Best Games - 2 Books
These colourful books, printed on thick card, contain everything you need to play ten board games, with double-sided boards and counters to punch out, a die to assemble, clear explanations of the rules and a note of how long each game takes to play. Age 8+ and not suitable for children under 3. The two titles included in this set are: The 10 Best Games of All Time (Read more...) The 10 Best Games in the World (Read more...)
The illustrations in this activity book, when the pages are held up to the light, reveal the inner workings of everyday objects so that external and internal views can be seen simultaneously. Among the topics explored are the human body, a car, a house and a tree. There are also pages where children can provide their own pictures of what lies inside. Age 4+
The Rose Window
Splendor and Symbol
‘The most spectacular of all the creations of the Gothic era’, the rose window still has the power to transfix 21st-century tourists in cathedrals such a Notre-Dame, Strasbourg or York Minster. In this magnificent study, with photographs of almost 300 roses, Cowen takes a chronological approach, exploring the origins and evolution of the form up to the present day, while letting ‘each window speak for itself’. Other chapters discuss the iconography, glazing, geometry and construction of rose windows, and the book concludes with a gazetteer.
A Typeface and Lettering Sketchbook
In a book full of possibilities for anyone who loves lettering there are ornate outline capitals to colour in or copy, sample typefaces for inspiration, quotations from great designers, a glossary of typographical terms and lined and dotted pages for doodling, designing or even writing a journal.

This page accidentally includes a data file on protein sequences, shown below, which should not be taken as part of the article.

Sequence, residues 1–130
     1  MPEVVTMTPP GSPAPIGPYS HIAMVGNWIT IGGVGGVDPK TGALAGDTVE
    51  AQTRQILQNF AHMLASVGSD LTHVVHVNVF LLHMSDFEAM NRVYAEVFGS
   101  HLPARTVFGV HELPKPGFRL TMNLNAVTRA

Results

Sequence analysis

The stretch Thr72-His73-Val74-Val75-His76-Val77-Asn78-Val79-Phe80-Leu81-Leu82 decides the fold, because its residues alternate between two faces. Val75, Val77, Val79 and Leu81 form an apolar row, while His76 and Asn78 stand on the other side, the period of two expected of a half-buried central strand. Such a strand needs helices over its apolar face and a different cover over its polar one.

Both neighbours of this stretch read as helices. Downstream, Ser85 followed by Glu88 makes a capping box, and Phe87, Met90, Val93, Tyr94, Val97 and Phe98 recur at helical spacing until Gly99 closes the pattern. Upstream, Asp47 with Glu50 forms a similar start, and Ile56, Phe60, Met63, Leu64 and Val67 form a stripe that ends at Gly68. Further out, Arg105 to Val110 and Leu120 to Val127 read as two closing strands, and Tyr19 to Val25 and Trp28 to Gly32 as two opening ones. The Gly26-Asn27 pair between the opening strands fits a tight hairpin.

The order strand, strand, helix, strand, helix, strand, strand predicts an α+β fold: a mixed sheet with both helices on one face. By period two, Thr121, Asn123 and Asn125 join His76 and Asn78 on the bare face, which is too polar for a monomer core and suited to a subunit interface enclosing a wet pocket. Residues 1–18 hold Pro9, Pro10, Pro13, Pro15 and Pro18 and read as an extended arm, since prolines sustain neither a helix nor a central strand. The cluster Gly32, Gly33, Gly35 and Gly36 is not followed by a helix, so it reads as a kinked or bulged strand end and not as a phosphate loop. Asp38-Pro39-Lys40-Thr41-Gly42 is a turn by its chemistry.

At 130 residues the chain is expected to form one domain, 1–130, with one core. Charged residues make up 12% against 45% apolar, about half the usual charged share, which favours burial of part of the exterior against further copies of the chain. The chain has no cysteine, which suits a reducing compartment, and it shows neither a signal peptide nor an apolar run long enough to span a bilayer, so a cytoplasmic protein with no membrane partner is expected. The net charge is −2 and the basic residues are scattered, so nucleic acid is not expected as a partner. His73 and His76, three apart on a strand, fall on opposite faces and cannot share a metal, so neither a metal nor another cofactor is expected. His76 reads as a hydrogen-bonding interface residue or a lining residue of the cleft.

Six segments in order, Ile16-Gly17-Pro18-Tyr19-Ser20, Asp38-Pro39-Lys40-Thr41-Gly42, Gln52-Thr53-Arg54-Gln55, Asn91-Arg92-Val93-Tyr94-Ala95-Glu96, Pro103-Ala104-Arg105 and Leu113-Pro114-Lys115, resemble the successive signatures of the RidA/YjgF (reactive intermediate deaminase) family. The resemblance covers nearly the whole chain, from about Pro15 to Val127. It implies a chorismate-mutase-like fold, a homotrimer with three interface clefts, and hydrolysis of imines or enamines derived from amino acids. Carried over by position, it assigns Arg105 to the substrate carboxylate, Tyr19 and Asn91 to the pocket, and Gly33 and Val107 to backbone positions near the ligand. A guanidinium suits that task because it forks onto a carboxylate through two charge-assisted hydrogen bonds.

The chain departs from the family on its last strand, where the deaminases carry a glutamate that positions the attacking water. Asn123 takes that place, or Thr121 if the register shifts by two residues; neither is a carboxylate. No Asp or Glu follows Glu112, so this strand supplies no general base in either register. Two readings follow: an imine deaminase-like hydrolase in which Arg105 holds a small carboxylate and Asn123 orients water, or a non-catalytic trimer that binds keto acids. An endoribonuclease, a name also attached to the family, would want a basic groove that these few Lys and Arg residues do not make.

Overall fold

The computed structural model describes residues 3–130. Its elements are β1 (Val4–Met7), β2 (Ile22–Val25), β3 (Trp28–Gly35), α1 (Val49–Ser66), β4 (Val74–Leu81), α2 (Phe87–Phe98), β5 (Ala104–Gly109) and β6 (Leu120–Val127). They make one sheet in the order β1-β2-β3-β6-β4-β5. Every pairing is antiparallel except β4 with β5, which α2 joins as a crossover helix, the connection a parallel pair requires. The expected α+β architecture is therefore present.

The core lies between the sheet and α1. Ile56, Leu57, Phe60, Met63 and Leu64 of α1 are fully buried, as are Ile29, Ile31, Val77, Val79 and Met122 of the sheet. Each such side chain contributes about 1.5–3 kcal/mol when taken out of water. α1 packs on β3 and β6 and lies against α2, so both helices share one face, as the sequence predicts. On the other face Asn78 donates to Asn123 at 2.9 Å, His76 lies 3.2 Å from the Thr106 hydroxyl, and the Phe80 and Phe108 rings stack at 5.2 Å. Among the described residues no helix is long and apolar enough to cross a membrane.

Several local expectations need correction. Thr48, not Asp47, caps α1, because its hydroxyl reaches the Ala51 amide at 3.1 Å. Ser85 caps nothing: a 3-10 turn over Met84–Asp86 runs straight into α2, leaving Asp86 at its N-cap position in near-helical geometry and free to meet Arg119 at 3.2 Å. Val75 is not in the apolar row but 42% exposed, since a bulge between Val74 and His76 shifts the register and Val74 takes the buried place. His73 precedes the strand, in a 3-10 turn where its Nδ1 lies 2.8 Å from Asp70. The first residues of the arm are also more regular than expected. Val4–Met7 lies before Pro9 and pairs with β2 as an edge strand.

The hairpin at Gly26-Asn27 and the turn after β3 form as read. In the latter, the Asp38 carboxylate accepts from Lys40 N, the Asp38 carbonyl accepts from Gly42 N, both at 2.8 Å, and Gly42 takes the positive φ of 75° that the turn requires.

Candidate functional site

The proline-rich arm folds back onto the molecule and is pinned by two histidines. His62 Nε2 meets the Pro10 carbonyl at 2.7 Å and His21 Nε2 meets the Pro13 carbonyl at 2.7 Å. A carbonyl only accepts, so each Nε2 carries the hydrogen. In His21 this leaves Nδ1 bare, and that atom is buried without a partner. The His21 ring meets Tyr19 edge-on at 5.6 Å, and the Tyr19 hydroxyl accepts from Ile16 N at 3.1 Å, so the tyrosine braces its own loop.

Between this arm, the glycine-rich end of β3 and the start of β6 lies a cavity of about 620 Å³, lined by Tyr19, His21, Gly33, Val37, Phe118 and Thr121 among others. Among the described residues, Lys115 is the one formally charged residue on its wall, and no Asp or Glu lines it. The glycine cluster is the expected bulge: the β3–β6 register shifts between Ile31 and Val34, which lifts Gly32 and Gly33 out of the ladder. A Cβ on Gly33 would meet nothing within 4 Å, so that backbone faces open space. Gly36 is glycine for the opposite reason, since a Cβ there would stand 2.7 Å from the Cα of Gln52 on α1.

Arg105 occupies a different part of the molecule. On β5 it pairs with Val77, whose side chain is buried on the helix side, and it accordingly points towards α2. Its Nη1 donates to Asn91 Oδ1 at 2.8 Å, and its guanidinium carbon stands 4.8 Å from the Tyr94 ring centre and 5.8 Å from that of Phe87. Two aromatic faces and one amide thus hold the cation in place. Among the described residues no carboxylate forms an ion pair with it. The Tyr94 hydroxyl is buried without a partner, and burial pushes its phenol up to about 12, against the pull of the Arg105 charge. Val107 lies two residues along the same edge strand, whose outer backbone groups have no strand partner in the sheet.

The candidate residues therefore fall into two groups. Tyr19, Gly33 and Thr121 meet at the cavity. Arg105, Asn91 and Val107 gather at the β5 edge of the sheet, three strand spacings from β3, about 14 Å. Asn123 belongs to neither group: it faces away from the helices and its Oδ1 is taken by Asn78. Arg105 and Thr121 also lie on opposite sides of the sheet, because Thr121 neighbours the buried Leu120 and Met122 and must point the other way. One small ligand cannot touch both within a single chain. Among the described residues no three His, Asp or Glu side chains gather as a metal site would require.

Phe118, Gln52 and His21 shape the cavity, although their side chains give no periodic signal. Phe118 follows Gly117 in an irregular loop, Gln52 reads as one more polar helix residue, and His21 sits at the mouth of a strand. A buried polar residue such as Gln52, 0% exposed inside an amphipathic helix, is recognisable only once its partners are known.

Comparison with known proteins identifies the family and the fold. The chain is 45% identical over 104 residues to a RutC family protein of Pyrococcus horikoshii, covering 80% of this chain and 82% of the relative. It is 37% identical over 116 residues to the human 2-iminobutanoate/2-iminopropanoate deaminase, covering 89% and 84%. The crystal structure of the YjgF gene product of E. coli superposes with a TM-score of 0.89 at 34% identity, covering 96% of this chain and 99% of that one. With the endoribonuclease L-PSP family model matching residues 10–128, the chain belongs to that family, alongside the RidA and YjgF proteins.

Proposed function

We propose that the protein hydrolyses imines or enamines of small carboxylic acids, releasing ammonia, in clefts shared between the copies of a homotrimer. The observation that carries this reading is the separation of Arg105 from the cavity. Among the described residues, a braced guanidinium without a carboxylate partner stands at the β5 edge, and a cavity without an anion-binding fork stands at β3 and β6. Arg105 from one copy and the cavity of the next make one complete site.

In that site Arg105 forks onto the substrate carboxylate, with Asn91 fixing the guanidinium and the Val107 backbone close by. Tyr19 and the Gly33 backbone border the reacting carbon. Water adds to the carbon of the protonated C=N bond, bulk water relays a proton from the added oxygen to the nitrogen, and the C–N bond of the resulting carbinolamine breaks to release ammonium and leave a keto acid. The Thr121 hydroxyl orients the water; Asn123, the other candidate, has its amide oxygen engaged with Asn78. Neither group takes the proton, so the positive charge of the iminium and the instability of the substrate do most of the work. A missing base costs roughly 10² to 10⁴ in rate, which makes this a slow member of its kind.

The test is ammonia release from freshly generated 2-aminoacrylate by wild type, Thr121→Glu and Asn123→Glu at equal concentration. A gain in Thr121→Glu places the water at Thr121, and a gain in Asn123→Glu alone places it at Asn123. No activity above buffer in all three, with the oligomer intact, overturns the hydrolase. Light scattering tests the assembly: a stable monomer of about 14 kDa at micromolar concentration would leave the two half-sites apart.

The Grammar of Spice
In her book The Grammar of Spice, Caz Hildebrand matches spices to patterns drawn from Owen Jones’s sourcebook, The Grammar of Ornament (1856). These cards feature the patterns for 16 different spices. The cards and white envelopes are presented in a blue and ochre card box.
100 Postcards of Iconic Bicycles
Touring, mountain, road and recumbent bicycles, BMX bikes, tandems and folding bikes... Each of 100 modern-era bicycles is photographed against an immaculate white background for these semi-matt postcards. There are technical details on the reverse sides and the whole set is contained in a smart red and white card box.
Mapping the World's Greatest Mountains
Combining technology developed by the German Aerospace Center with the experiences of great mountaineers, this volume profiles 13 mountains, including the ‘eight-thousanders’ Everest, K2, Annapurna, Dhaulagiri and the ‘killer mountain’ Nanga Parbat. The chapter for each peak comprises photographs, a history of early ascents, geographical information and a mountaineer’s personal account of their climb: in effect, a history of mountaineering, accompanied by 3D maps created from high-resolution satellite data and ‘virtual’ images of some of Earth’s most challenging terrain.
Sunken Cities: Egypt's Lost Worlds
The BP Exhibition
Beneath the waters of Abukir Bay, at the edge of the north-western Nile delta, lie the submerged remains of the ancient Egyptian cities Thonis-Heracleion and Canopus. This volume, which accompanied the British Museum exhibition in 2016, describes the technical challenges that faced the underwater archaeologists; presents, with over 270 illustrations, the submerged buildings and artefacts, including jewellery and ceramics, that have been found; and discusses how these discoveries have transformed our understanding of the relationship between ancient Egypt and Greece.
Modernists and Mavericks
Bacon, Freud, Hockney and the London Painters
From the Blitz to the Swinging Sixties, London was home to a major art scene. Several key players – Auerbach, Bacon, Freud – were figurative painters rebelling against the prevailing Abstract orthodoxy. Others – Bridget Riley, John Hoyland – found their own distinctive forms of abstraction. Gayford’s study profiles the artists and explores their influences and connections. Drawing on first-hand interviews and illustrated with 114 paintings and photographs, it recreates the Soho bohemia these painters inhabited, with its friendships, feuds and legendary drinking sessions.
The Medieval World Complete